A lot of the photonet wizards will squawk about this, but it'll be pretty unlikely they have more experience in this sort of thing than I do. (I've made hundreds and hundreds of printer and camera profiles, some of which were used to make well over a million 8x10" portrait prints per week, and have done the troubleshooting on plenty of lab color problems.)

    If you are gonna do real critical color work, you'll want to do test prints from your lab, evaluate under the proper type of lighting, then make fine corrections based on the print results. Given that these are your first prints, I can't imagine that you're gonna be that critical. But you might find that the prints are overall darker or lighter than you want; a lot of this depends on how bright (or dark) both your monitor and the print viewing conditions are. Bottom line is, get a couple test prints made before sinking a lot of money into the printing.
     
  3. "The video that I got the above information from... "

    What video was that?
    If it didn't come from the lab you actually intend to use then forget it, and forget the print profile!
    The printing lab will take care of that themselves.

    All you need to do is ensure your colour-space is one that's expected by the printing lab/house. I.e. sRGB or AdobeRGB. It's unlikely they'll accommodate anything else, and even AdobeRGB may be too 'exotic' for them to handle.

    If in doubt, contact the lab to see what colour-space they can handle. If you get the impression they don't know what on earth you're talking about - find a different lab or stick with sRGB. A lab aiming at the amateur market will only expect sRGB.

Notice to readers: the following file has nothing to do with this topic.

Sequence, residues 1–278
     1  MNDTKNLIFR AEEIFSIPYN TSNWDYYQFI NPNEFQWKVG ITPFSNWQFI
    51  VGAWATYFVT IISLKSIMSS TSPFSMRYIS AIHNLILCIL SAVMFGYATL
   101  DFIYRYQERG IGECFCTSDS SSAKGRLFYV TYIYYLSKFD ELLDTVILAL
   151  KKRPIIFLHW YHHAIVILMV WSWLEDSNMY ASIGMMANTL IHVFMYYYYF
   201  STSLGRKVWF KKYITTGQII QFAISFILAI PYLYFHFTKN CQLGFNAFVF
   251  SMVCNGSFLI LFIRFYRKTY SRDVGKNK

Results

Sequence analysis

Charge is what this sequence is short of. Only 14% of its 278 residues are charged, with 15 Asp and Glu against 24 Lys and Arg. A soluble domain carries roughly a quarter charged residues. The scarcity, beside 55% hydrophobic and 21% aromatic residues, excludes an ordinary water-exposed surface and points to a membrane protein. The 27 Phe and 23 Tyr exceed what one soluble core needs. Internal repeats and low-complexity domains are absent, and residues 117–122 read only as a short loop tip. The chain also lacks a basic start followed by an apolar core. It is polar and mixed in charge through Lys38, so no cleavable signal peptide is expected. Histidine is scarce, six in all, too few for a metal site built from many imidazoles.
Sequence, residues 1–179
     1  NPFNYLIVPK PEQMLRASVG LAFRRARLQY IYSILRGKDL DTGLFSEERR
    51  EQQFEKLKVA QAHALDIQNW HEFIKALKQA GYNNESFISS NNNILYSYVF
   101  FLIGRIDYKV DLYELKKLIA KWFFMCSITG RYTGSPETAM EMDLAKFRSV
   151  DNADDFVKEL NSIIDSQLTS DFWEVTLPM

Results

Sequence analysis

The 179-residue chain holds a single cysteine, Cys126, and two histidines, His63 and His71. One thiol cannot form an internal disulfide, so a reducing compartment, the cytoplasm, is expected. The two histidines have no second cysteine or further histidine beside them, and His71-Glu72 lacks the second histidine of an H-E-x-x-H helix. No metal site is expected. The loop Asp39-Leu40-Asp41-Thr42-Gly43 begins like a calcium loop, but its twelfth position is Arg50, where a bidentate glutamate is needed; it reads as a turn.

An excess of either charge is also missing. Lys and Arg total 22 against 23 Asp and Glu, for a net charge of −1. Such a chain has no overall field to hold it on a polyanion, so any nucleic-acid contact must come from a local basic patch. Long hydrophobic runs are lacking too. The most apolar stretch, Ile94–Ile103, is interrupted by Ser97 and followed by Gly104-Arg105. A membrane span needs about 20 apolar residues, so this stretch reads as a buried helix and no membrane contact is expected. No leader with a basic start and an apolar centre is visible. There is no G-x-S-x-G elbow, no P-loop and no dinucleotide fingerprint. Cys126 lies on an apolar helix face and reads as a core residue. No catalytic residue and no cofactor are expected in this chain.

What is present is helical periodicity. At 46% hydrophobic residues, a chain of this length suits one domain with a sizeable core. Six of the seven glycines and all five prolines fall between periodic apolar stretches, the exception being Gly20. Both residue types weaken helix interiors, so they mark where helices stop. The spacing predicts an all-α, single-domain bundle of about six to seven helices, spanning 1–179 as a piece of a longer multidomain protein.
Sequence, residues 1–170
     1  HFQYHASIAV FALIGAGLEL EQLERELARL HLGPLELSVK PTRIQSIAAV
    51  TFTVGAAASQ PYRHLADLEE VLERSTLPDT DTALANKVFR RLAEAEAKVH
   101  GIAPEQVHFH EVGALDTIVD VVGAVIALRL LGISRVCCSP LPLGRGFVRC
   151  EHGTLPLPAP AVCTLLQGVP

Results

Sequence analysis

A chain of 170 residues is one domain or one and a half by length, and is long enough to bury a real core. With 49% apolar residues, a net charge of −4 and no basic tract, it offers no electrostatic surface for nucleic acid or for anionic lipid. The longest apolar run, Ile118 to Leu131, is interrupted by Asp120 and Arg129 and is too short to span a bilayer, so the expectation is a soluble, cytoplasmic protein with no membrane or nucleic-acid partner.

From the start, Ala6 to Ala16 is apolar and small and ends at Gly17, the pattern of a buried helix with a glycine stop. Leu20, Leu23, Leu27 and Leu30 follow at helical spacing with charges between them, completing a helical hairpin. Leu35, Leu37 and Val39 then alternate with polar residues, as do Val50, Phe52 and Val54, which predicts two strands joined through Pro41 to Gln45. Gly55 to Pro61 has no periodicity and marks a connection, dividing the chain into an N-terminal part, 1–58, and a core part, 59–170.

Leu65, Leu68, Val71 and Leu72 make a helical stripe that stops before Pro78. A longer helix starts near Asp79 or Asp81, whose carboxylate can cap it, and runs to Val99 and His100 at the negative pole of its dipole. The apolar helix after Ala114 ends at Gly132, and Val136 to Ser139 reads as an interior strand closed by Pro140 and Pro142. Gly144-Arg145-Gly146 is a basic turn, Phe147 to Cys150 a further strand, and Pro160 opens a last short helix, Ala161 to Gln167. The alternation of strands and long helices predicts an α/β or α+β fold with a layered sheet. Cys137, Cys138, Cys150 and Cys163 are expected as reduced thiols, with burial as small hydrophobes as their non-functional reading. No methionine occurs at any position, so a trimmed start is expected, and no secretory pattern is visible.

It's a moot point whether you'll see any difference in finished prints between sRGB and AdobeRGB anyway. The only difference is in deep shadow gamma and the extent of green it can show. If your pictures don't show highly saturated greens or cyans, then you'll likely see no difference between the two spaces.

    BTW, the lab will almost certainly not be using a printing press, unless your pictures are to be used as long print-run book illustrations.

    Converting your files to a printing press profile will almost certainly screw things up badly.

    Just let the lab handle the printer profile. That's what their job is.
     
    Last edited: Mar 22, 2018
  4. Hi,
    thank you so much for your reply. It's nice to get a reply from a professional who made many printer profiles. My monitor is calibrated AND profiled. I used the hardware on top of the screen just as you described. Can I ask you - you said that you made a lot of printer profiles, but if the labs don't require the photographer to use and convert to printer profiles and are asking to submit sRGB then who did you make those printer profiles for? Thanks again,
    Marianne
     
  5. Thank you very much for your reply. It seems that you and the poster above are giving me the same message - forget the printer profiles. I am learning:)